I just don't see the need in CAP as we wear Blues maybe 10 times a year

Even though it's the basic, minimum required uniform?

Just because a reg/manual says it's the minimum required doesn't mean it's the most feasible or common.

You could run the entirety of the CAP Cadet Program (minimum program elements and contact hours)—minus PT—in the Class B Service Uniform, if you wanted to. The "senior side," not so much.

But would it be exciting and retain cadet members? Probably not. A cadet unit that spends more time in Blues rather than utilities isn't very active, physically. Hands-on and outdoor experience is probably minimal.

That still doesn't mean we don't need a good supply of Blues uniform items; absolutely. But ABUs seem to be more of a commodity.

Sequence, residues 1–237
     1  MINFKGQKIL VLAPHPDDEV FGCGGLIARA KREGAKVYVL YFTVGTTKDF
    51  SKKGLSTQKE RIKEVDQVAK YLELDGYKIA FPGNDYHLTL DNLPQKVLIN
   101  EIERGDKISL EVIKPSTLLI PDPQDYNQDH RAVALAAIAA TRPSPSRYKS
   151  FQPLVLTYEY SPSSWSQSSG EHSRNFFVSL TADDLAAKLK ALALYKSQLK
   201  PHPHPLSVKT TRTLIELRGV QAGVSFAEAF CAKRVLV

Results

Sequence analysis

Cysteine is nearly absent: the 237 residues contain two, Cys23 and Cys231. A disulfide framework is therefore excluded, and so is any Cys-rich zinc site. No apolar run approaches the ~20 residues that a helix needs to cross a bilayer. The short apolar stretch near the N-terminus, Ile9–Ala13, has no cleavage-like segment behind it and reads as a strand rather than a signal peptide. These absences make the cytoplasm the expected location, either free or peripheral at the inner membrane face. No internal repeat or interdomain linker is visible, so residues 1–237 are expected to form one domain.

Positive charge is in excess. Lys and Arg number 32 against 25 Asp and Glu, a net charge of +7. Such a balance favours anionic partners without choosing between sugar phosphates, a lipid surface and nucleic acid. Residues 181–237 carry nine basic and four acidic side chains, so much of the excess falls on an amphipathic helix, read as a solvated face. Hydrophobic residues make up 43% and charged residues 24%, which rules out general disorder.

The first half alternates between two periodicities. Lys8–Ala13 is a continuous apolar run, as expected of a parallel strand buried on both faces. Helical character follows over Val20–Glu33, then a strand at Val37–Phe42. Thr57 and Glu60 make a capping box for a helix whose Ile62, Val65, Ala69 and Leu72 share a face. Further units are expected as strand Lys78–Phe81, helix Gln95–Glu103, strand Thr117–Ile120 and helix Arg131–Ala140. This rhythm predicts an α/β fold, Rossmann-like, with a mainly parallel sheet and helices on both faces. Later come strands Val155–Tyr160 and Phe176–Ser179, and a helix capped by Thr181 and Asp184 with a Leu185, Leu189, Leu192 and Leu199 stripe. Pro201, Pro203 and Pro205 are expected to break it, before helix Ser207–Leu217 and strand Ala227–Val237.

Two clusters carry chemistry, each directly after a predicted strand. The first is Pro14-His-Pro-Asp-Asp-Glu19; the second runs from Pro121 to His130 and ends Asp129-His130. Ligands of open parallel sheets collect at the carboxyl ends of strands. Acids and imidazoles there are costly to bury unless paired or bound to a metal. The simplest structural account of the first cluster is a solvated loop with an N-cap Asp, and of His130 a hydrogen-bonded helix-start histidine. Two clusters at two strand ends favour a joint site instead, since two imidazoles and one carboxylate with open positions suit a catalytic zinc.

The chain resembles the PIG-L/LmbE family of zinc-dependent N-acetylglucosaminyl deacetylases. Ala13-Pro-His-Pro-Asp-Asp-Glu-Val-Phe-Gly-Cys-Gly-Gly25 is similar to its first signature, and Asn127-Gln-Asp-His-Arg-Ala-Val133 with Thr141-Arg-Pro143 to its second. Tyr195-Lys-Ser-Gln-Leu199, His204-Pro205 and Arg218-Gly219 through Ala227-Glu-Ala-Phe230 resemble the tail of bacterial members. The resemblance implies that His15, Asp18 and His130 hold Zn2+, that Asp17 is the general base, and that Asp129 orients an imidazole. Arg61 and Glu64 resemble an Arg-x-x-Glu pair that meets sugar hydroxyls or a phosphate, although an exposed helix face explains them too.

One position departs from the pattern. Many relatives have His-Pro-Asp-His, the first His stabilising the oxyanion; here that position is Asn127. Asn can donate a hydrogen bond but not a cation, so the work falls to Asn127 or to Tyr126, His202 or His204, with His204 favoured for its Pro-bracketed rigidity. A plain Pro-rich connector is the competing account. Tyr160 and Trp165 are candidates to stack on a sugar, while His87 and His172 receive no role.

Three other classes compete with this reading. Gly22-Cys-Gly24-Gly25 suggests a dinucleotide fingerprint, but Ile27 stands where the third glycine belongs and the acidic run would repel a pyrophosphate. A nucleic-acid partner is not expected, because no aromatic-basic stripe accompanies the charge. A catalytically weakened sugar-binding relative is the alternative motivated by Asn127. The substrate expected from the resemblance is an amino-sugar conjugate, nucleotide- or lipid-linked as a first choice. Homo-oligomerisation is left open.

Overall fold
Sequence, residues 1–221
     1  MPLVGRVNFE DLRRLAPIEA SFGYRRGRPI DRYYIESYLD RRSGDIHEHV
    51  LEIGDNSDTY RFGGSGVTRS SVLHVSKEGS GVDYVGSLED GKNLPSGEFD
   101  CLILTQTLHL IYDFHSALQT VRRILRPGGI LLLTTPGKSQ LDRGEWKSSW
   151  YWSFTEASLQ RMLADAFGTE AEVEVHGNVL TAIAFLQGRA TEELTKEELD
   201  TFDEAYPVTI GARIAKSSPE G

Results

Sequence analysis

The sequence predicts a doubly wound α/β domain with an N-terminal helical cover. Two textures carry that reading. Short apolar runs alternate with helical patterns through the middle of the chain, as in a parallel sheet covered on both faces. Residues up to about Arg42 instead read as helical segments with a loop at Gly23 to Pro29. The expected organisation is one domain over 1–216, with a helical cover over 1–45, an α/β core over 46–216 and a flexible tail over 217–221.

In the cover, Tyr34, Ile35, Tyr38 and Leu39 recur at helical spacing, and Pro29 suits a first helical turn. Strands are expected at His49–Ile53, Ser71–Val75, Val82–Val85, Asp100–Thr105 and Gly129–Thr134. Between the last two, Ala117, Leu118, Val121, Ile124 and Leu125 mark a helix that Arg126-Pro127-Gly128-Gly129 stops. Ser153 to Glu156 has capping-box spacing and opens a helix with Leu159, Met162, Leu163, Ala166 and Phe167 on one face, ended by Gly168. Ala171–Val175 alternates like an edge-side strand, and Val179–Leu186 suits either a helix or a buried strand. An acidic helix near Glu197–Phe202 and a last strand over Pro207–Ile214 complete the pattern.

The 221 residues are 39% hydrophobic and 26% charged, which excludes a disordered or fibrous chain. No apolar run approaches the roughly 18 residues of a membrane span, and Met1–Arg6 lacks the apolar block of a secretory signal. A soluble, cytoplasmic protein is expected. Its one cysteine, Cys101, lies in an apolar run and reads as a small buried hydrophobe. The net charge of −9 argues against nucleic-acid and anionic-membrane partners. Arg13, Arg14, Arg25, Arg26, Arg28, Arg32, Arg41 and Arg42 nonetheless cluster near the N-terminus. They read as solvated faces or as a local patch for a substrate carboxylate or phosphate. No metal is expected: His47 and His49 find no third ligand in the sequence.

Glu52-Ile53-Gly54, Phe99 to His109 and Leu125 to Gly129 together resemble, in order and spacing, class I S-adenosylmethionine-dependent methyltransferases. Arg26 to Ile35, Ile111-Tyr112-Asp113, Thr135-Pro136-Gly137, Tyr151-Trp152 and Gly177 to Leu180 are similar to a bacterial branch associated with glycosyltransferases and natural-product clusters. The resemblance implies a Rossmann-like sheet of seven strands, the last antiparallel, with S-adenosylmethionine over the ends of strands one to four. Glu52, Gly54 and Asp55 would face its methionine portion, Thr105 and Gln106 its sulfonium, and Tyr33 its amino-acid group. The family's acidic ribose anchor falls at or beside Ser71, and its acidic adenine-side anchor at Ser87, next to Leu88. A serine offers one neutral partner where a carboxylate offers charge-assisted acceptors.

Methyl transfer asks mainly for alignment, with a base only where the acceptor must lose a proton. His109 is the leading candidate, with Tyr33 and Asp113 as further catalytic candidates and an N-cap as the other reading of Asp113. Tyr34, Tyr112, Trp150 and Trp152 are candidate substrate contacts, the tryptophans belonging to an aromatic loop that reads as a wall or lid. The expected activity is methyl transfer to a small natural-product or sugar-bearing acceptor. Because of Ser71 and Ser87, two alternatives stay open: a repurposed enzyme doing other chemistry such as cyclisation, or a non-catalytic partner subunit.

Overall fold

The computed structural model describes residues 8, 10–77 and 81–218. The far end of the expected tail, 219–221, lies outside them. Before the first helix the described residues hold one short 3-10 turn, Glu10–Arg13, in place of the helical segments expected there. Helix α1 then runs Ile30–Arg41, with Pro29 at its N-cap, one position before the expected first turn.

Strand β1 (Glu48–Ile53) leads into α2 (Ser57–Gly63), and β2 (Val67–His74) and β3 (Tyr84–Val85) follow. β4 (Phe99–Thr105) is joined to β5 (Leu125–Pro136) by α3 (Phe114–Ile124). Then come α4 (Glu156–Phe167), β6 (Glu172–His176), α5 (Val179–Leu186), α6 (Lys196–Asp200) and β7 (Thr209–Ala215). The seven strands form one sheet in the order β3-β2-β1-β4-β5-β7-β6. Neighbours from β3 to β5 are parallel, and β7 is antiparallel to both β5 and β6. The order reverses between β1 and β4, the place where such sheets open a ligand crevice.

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Gunsotsu
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« Reply #67 on: May 28, 2019, 02:21:27 PM »

Dozens of pages wishing, hoping, and begging for ABUs.

Four pages, so far, of posts wailing and gnashing teeth and pulling hair over the difficulty of finding ABUs.

None of this would have happened if they just put all members in BBDUs. Simple fix. Easily obtainable. And it would be a uniform, for a change.

This, with the caveat that I've already proposed. Eliminate USAF style uniforms for ALL seniors and have cadets adopt the current USAF field uniform within 365 days of their adoption by Ma Blue. Allow a 3 year sunset on previous USAF field uniforms.
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Fubar
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« Reply #68 on: May 28, 2019, 02:45:06 PM »